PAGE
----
Then came an abrupt switch in direction. … Was it a mere coincidence that last week, about six weeks after the NYRB received a web address for post-Gutenberg — and roughly as long as it takes a publication as methodical as that Review to put together a report — its site featured a piece titled, ‘How Your Data Are Being Deeply Mined’, beginning,
The recent revelations regarding the NSA’s collection of the personal information and the digital activities of millions of people across the world have attracted immense attention and public concern. But there are equally troubling and equally opaque systems run by advertising, marketing, and data-mining firms that are far less known. Using techniques ranging from supermarket loyalty cards to targeted advertising on Facebook, private companies systematically collect very personal information, from who you are, to what you do, to what you buy. Data about your online and offline behavior are combined, analyzed, and sold to marketers, corporations, governments, and even criminals. The scope of this collection, aggregation, and brokering of information is similar to, if not larger than, that of the NSA, yet it is almost entirely unregulated and many of the activities of data-mining and digital marketing firms are not publicly known at all.
Compare that with part of our own offering on the subject, in the week we wrote to the NYRB, titled, ‘In the shift “from God to Google” do we want our spooks stuck in the age of typewriters …?’:
The Guardian – railing ad nauseam about spooks — is oddly tongue-tied about corporate surveillance. The explanation for this is surely the potential embarrassment of having to admit the true extent of the newspaper’s own monitoring of its readers’ behaviour.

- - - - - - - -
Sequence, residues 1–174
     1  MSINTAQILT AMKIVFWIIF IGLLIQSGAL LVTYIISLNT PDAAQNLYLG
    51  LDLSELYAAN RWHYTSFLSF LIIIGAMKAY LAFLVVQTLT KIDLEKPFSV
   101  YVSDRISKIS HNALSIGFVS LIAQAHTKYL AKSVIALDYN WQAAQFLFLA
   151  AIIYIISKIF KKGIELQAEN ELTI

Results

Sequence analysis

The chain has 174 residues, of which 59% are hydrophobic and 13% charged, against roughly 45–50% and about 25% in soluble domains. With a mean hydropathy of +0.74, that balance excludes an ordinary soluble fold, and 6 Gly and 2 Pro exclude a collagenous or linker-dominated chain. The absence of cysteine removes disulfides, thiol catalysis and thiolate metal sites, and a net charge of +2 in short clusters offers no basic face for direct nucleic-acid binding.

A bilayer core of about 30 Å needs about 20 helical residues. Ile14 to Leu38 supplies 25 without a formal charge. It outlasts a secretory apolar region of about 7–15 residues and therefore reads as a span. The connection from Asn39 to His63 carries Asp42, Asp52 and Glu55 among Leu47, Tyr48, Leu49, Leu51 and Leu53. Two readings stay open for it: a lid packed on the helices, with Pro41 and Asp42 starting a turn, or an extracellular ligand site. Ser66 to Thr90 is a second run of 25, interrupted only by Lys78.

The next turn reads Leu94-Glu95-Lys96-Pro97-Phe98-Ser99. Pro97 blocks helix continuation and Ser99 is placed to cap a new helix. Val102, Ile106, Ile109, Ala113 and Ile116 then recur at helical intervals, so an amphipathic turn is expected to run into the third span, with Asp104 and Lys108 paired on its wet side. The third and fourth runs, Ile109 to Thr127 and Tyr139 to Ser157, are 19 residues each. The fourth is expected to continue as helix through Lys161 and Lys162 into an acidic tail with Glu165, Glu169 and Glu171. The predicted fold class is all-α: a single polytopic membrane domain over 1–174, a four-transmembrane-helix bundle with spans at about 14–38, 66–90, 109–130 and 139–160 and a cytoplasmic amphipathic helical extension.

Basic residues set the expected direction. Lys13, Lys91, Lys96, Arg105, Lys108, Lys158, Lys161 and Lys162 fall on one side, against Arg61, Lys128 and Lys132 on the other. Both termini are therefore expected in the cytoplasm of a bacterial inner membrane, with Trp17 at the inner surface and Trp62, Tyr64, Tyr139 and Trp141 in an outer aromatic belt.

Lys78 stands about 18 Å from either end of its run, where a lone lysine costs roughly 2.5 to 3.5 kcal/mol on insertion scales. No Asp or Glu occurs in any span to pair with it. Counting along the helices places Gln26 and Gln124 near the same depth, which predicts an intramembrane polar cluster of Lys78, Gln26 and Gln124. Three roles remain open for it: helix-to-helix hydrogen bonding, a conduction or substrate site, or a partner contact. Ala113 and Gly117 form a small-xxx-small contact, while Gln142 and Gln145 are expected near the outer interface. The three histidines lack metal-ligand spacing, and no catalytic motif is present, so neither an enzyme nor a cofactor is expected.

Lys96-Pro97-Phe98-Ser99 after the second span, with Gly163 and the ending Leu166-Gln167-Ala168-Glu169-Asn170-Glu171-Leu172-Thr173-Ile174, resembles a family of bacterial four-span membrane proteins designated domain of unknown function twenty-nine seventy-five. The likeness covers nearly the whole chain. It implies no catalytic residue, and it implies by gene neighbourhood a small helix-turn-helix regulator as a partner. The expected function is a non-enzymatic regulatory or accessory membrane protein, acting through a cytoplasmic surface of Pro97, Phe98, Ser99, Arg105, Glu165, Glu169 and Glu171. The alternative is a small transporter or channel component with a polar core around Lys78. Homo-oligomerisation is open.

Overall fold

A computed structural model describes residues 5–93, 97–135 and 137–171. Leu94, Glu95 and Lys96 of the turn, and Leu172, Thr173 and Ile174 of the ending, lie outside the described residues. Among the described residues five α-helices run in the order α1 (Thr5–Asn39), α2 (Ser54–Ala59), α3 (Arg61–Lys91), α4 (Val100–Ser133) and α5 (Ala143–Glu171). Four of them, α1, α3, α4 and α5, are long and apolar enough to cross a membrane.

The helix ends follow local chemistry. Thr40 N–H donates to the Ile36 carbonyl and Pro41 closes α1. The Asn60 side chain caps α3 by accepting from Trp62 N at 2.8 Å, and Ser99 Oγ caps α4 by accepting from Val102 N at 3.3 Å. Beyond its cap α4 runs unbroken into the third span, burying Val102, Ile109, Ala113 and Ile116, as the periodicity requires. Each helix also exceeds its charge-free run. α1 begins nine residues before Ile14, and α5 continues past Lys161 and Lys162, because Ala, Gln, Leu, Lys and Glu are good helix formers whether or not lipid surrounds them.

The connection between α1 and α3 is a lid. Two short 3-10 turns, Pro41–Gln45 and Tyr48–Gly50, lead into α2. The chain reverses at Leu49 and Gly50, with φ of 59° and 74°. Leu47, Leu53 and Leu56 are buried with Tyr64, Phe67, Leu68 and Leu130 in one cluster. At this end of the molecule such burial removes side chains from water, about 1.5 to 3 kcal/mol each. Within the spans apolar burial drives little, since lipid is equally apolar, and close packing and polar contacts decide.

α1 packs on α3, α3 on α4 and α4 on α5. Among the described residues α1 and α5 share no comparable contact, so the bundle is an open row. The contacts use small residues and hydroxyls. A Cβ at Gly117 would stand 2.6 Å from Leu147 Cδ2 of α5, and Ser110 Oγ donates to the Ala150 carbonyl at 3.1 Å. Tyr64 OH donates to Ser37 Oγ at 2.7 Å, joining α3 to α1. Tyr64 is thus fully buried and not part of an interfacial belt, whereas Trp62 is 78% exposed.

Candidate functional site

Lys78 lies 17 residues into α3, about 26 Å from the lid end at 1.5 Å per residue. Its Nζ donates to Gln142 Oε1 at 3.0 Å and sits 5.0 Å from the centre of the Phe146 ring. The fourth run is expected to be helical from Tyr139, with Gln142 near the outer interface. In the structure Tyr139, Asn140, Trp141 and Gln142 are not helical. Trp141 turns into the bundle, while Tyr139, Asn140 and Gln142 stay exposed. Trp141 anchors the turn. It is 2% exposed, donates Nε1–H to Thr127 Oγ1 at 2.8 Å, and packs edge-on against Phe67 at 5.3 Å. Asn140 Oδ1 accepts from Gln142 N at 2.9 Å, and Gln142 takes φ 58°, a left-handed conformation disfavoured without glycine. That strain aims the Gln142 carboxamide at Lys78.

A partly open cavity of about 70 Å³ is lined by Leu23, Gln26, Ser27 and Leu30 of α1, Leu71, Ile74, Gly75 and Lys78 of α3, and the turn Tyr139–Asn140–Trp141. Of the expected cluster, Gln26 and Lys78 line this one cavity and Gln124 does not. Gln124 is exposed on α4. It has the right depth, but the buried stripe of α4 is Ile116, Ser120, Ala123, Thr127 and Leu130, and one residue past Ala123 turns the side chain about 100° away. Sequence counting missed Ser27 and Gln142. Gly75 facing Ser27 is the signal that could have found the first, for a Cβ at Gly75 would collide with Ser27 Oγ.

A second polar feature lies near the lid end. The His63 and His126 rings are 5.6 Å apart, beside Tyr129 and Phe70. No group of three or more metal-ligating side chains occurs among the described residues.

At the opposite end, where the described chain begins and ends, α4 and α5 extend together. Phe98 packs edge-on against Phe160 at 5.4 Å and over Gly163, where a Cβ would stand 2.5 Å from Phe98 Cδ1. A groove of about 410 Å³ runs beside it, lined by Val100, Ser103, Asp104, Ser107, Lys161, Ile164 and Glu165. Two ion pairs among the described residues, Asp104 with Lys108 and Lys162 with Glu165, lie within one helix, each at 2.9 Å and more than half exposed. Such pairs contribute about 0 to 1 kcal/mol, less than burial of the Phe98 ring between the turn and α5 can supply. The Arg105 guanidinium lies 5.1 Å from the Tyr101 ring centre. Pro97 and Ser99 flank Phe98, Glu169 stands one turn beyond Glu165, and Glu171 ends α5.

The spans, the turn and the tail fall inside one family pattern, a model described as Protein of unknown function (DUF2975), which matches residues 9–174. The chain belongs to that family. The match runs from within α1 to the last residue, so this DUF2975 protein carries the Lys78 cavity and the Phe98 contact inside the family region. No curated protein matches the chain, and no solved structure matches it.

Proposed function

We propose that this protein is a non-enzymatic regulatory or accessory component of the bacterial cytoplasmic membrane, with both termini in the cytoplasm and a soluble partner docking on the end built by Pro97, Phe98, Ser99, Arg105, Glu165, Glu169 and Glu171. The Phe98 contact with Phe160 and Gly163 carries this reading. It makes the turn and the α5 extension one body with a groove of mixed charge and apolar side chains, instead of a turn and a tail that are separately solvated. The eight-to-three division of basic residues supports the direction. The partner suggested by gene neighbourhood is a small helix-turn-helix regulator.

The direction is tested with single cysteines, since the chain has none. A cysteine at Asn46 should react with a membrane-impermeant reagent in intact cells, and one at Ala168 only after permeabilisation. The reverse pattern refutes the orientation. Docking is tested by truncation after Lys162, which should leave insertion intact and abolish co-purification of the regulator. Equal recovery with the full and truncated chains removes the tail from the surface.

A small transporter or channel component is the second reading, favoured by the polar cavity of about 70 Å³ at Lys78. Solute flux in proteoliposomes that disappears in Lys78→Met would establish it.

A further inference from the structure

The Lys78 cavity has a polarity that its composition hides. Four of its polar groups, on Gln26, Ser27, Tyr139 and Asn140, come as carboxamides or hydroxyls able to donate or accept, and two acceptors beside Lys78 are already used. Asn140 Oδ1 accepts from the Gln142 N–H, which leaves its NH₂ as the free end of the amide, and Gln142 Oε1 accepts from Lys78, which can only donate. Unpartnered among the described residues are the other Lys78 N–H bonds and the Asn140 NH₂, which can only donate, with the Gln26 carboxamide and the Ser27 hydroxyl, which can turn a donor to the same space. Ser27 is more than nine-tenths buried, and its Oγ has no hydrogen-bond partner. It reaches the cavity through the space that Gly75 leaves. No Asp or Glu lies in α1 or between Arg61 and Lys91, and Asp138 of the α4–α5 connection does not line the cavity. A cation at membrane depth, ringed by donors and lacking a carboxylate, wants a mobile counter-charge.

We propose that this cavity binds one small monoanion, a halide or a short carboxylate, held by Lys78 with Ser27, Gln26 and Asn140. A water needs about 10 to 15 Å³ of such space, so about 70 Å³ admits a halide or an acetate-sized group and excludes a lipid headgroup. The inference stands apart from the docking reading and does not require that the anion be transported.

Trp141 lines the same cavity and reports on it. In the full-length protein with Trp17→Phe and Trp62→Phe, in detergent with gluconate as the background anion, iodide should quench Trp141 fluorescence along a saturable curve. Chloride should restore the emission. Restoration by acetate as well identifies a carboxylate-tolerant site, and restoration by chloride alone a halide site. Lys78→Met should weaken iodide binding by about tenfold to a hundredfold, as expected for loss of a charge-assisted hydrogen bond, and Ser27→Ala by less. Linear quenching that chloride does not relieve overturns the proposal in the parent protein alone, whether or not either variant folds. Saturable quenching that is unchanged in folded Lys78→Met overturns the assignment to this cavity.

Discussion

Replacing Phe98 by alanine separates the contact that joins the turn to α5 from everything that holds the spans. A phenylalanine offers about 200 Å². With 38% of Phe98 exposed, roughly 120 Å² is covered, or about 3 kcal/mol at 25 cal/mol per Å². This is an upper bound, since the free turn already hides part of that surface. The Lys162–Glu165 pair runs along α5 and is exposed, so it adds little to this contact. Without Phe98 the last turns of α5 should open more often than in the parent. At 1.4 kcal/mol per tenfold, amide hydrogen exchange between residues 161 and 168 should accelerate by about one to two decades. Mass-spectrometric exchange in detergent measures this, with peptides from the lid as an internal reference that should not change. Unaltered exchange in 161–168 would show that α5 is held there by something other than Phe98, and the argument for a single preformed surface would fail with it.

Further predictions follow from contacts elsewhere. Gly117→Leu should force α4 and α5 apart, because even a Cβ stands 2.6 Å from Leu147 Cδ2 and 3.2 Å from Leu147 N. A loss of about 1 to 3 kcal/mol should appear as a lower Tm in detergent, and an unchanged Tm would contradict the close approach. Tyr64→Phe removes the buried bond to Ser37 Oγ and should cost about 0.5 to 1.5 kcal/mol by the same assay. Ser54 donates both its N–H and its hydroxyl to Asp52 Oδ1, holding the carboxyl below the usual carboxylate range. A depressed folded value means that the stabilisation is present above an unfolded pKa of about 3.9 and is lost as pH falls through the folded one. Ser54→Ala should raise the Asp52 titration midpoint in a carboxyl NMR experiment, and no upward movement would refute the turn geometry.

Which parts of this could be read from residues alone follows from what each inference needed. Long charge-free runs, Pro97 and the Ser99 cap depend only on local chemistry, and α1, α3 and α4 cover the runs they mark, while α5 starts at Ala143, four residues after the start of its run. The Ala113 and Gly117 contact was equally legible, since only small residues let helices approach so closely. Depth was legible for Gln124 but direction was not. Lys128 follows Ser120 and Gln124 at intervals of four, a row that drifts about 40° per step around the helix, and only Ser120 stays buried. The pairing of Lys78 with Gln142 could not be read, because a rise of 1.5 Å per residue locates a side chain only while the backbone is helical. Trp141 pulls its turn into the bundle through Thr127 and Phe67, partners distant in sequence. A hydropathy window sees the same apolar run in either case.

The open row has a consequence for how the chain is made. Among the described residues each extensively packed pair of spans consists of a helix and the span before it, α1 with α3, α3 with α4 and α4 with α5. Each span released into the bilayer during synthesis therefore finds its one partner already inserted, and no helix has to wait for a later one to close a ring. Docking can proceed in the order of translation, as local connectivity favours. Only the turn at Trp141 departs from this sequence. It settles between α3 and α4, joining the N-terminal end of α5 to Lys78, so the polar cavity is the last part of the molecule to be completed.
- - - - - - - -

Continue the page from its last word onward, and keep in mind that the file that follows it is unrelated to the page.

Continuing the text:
Onora O’Neill, a down-to-earth philosopher — specialising in justice, public trust and accountability – who is also a member of the House of Lords (Baroness O’Neill of Bengarve) commendably unaffiliated to any political party, is one of the few sounding this particular alarm. ‘Insofar as [government spies at the NSA and GCHQ] collect content, I might be … worried,’ she said recently, ‘but by the same token I would worry equally about Facebook, who collect content, and in particular a lot of personal content.’
The NYRB added, in the same report on data mining:
[W]e may be more concerned with government surveillance than with marketers or data brokers collecting personal information, but this ignores the fact that the government regularly purchases data from these companies. ChoicePoint, now owned by Elsevier, was an enormous data aggregator that combined personal data extracted from public and private databases, including Social Security numbers, credit reports, and criminal records. It maintained 17 billion records on businesses and individuals, which it sold to approximately 100,000 clients, including thirty-five government agencies and seven thousand federal, state, and local law enforcement agencies.